As an ACT! consultant I am often called on to answer ACT! questions. And yes, there is a charge for my services. Generally, ACT! users reach out to me after they’ve gone through a variety of attempts to solve their issue. Sometimes the solutions to the ACT! technical support issue are quite involved and incorporate solutions that might be beyond the realm of what a typical user can accomplish on their own. Sometimes, however, the answers are the type that want make you want to smack yourself on the head and yell, “Why didn’t I think of that??” I had two such questions this week and thought I’d share the solutions with you.
My first caller was actually the ACT! Administrator of a Twenty-Plus user database. He is quite tech savvy but feared that one of his users had become corrupted. The user would schedule activities but then not be able to see them in the Task List or Calendars. All other users were scheduling activities without a hitch. The Admin had the user access the calendars of other users; all activities appeared as expected. He then tried to access the calendar from various work stations always without success.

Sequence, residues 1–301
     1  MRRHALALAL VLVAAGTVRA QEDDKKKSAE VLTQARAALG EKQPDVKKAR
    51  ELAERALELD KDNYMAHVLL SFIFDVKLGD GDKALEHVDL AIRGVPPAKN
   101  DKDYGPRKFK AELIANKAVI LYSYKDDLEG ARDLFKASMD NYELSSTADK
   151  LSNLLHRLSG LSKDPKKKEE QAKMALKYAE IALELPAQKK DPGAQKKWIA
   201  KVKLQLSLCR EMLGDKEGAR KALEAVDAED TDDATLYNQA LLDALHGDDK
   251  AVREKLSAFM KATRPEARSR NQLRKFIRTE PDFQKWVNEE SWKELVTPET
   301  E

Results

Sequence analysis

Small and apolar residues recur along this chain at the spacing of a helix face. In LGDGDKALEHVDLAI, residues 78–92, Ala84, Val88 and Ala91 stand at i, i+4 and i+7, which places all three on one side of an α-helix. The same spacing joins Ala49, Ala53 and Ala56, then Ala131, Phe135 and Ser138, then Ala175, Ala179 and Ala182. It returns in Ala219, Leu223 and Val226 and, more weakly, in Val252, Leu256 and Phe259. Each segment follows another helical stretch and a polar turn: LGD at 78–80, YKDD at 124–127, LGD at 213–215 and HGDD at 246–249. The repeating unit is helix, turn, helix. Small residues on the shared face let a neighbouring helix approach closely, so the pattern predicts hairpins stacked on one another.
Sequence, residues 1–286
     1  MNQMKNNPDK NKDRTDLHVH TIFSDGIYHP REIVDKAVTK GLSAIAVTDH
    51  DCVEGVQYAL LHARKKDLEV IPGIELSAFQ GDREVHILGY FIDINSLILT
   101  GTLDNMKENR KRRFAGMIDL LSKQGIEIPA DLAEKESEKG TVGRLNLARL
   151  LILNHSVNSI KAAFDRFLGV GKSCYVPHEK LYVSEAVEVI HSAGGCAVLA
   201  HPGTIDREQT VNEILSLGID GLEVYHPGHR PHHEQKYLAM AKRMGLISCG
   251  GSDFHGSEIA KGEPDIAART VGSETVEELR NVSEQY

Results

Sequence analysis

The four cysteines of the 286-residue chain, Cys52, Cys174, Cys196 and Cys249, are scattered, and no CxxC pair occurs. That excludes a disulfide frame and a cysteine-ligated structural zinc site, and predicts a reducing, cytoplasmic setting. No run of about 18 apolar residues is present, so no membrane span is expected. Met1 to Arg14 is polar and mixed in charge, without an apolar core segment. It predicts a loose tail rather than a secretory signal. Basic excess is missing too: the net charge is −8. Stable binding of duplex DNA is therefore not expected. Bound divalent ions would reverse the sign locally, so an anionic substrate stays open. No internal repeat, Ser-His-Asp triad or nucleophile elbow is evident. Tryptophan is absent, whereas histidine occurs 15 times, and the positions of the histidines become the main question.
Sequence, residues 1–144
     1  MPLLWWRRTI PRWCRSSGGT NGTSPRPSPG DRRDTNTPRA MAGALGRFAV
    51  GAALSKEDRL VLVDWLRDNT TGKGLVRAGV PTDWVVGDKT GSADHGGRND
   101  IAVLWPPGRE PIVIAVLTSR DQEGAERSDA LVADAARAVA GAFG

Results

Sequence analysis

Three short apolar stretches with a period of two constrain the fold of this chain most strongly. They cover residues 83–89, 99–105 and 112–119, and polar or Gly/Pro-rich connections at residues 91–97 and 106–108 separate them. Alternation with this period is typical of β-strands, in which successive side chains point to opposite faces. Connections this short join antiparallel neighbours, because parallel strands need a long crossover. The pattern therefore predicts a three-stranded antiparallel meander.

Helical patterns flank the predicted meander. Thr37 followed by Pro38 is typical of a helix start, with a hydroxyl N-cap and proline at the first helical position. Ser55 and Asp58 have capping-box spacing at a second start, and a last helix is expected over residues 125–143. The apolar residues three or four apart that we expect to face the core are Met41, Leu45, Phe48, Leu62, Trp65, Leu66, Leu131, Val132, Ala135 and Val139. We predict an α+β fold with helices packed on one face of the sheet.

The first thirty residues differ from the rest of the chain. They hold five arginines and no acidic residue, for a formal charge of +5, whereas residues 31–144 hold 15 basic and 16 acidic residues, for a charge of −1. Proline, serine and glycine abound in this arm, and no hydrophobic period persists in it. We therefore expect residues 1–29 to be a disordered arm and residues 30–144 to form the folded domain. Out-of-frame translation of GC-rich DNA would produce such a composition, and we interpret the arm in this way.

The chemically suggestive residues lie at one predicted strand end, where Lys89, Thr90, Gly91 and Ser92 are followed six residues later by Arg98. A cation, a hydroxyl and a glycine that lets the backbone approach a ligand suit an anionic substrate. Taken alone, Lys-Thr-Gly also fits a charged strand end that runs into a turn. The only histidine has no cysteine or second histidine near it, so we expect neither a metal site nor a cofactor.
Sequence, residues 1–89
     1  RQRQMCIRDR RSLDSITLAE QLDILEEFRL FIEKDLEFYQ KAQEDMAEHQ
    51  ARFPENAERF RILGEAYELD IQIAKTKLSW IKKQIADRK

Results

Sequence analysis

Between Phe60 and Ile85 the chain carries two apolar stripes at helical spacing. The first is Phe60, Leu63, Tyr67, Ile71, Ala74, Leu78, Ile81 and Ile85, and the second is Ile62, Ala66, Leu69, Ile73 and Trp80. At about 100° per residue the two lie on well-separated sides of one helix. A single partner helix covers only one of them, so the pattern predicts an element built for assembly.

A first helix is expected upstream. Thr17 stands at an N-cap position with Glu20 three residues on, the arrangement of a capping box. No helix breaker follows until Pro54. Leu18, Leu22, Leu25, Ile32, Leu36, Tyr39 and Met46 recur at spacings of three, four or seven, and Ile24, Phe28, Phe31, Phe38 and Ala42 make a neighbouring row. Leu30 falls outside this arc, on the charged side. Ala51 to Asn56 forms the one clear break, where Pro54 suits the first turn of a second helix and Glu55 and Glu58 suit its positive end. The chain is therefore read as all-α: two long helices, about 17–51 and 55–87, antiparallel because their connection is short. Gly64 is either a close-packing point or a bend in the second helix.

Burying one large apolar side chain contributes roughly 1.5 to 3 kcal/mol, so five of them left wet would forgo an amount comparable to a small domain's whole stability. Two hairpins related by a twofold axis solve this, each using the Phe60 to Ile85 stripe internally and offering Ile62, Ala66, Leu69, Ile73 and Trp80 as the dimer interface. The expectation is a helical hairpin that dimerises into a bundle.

As I logged into the database I explained to the Admin that it was not uncommon to experience user corruption in the ACT! activities. This is usually a result of a user having hundreds, if not thousands, of uncleared activities going back several years. I was surprised at what I saw in the user’s Task List; the status bar said that there were only 20 activities yet I could only see two.
My mouse rested briefly on the area where an activity should have been appearing; I was surprised to see a pop-up box appear with the details of the activity. I double-clicked the “phantom” activity which opened up exactly as expected. At first glance the Schedule Activity window looked perfect until I gave it another good look: to my surprise the font color was set to white.
I set the activity color to black, and then modified all of the other activities in the same way. Voila, all activities appeared. Guess that’s what I get paid the big bucks for!
Moral of the story? Using a white font on a white background is never a good idea.
Stay tuned for next week’s edition when I help a user to solve the mystery of the password!